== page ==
COVID-19 has brought a great deal of change to how we live our lives. The need to maintain safe-distance protocols has seen many industries shift to remote operations wherever possible. In healthcare spaces, this has been a significant challenge. We have been forced to adapt to achieve the delicate balance between ensuring patients get the care they need, and reducing the risk of exposure.
This is where telehealth has really come into its own. While the numbers are still up in the air, one recent study found that insurance claims for telehealth services increased 2,938% between November 2019 and November 2020. Patients and professionals alike have in some ways been forced past their personal and technological roadblocks, discovering the many benefits that utilizing care services remotely can offer. Indeed, as we start to see some light at the end of the dark tunnel that has engulfed our society over the last year or so, telehealth has become a more permanent feature of our healthcare landscape.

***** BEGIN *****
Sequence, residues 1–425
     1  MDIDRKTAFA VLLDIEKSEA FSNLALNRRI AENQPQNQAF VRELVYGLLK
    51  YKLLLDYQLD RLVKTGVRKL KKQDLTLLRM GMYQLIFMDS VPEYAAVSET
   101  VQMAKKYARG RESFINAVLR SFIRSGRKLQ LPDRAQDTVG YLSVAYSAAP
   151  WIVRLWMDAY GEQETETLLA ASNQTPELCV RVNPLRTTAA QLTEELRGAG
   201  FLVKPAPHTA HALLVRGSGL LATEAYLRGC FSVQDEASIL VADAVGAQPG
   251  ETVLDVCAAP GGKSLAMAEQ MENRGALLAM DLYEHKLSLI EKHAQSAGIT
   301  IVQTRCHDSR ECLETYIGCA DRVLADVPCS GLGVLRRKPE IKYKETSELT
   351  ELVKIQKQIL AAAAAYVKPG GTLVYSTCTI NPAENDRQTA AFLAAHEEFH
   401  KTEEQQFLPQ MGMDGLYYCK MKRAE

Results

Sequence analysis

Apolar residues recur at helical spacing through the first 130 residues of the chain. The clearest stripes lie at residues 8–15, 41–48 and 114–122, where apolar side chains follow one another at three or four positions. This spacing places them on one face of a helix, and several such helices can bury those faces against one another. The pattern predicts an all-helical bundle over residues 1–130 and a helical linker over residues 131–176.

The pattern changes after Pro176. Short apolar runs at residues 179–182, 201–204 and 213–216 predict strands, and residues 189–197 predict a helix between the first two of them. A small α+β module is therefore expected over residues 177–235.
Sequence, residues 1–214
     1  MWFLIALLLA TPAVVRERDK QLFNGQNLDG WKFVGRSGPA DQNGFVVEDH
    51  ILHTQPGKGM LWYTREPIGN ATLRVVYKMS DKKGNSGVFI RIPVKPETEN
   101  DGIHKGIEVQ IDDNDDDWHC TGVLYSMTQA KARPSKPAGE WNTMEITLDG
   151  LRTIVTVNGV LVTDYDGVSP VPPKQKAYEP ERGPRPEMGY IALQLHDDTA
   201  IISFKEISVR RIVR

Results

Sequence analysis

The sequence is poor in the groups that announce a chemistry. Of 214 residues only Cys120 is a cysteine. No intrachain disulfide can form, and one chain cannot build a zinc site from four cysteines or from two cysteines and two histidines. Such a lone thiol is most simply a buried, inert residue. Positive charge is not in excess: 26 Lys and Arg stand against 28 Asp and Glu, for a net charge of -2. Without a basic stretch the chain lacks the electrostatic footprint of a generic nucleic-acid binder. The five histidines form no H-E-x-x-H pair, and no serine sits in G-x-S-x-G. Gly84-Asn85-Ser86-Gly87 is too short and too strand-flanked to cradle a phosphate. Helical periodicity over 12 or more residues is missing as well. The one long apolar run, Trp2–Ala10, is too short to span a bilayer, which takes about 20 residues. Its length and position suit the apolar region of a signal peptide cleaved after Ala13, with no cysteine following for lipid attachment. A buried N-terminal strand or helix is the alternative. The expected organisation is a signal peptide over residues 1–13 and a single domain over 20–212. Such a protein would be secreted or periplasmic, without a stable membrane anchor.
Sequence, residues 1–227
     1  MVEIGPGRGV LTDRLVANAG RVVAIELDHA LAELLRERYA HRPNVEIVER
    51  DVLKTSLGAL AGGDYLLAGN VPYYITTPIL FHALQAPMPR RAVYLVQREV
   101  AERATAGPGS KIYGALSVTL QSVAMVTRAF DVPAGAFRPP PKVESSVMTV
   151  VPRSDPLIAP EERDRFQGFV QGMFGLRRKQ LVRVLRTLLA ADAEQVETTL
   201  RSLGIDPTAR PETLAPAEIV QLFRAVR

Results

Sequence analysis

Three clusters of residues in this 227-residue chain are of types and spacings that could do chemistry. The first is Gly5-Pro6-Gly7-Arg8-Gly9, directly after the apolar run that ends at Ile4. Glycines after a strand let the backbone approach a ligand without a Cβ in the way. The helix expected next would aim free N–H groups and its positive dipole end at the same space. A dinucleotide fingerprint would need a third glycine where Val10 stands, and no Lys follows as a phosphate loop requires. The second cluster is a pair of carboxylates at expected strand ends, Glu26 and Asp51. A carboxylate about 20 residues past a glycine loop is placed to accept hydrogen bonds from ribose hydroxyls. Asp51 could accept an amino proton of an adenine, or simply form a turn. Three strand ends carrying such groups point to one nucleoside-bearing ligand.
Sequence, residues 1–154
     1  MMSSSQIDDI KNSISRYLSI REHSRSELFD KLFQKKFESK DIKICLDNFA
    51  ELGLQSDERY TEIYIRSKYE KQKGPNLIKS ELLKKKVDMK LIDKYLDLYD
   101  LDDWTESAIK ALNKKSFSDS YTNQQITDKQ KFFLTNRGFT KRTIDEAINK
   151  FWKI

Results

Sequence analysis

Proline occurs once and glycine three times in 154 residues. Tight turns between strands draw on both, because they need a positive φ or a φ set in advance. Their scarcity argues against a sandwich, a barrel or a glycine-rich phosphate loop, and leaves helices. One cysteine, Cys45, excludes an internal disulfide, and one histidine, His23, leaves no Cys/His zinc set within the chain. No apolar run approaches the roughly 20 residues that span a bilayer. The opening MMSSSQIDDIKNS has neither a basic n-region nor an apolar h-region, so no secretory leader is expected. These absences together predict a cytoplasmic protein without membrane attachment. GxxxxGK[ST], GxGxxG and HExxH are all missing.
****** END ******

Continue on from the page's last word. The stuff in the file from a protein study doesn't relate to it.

This raises some interesting questions and some important issues about the near future of telehealth. We’re going to take a look at what we are likely to see as we emerge from the pandemic. What tools and practices could make a difference? What problems do we still need to solve?